A Teacher in Space
Educator-astronaut Barbara Morgan will visit the International Space Station in 2003.
Science@NASA — NASA Administrator Sean O’Keefe today announced that Barbara Morgan, the agency’s first Educator Astronaut, has been assigned as a crewmember on a November 2003 Space Shuttle mission to the International Space Station.
Today’s announcement was highlighted with a ceremony at the Maryland Science Center in Baltimore and fulfills the Administrator’s commitment earlier this year to send an educator into space in a renewed mission to inspire a new generation of explorers. Morgan’s flight represents the first of what is expected to be many flights as part of a new Educator Astronaut program, which will be unveiled in early 2003.
“NASA has a responsibility to cultivate a new generation of scientists and engineers,” said Administrator O’Keefe.
“Education has always been a part of NASA’s mission, but we have renewed our commitment to get students excited about science and mathematics. The Educator Astronaut program will use our unique position in space to help advance our nation’s education goals,” he explained.
Morgan’s assigned mission, STS-118, has two primary objectives: the installation of additional truss segments that will increase power and communications to the International Space Station and the delivery of additional supplies for the Station’s crew. Morgan will participate in a number of educational events from space and be actively involved in the flight as a fully trained NASA astronaut.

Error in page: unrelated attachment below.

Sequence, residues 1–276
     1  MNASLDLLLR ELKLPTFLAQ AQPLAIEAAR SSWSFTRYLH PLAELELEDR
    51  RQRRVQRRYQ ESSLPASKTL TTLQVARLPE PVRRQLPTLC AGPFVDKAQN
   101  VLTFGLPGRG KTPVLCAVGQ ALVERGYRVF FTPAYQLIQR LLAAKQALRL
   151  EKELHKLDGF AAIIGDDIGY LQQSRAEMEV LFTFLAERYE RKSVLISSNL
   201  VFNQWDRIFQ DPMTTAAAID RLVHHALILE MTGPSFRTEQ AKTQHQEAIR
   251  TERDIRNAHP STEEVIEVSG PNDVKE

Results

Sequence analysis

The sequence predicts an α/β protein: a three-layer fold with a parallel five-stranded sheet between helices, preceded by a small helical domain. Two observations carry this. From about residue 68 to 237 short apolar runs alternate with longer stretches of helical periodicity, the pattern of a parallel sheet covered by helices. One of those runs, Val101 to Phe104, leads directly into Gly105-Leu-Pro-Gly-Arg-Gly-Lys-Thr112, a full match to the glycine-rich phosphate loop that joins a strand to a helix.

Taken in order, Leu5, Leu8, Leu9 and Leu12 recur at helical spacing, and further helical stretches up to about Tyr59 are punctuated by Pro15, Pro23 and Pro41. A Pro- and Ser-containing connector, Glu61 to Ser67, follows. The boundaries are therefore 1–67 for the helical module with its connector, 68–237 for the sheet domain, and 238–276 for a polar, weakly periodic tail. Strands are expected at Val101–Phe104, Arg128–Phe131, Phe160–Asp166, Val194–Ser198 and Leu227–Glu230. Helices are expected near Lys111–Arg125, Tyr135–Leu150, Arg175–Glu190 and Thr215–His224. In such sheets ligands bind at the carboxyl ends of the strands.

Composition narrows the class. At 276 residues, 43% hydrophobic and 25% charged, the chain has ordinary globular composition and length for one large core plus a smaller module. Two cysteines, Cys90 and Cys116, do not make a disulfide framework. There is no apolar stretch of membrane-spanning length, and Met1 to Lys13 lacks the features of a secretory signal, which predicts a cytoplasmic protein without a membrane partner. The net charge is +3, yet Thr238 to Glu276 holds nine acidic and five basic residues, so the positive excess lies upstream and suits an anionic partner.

A native of McCall, Idaho, Morgan was selected in 1985 as the backup candidate for the Teacher in Space program. Following the Challenger accident, the program was suspended and Morgan worked with NASA’s Education Office, meeting with teachers and students across the country to share her space training experiences and their relevance to the classroom and America’s future.
In the fall of 1986 Morgan returned to teaching at McCall-Donnelly Elementary School in Idaho, but continued to travel the country in support of NASA’s education efforts.
In January 1998, she was selected by NASA to complete her astronaut training. For more than a year, Morgan has served as a spacecraft communicator, or CAPCOM, in Mission Control at NASA’s Johnson Space Center in Houston, providing the voice link between the flight control team and crews orbiting in space.
“Barbara’s commitment and dedication to education is an inspiration to teachers across the country,” concluded Administrator O’Keefe. “She embodies the spirit and desire of this agency to get students excited about space again, and I’m pleased that she’ll be able to fulfill that mission from orbit aboard the Space Shuttle and the International Space Station,” he said.
The Science Directorate at NASA’s Marshall Space Flight Center sponsors the Science@NASA web sites. The mission of Science@NASA is to help the public understand how exciting NASA research is and to help NASA scientists fulfill their outreach responsibilities.
On the Net:
More science, space, and technology from RedNova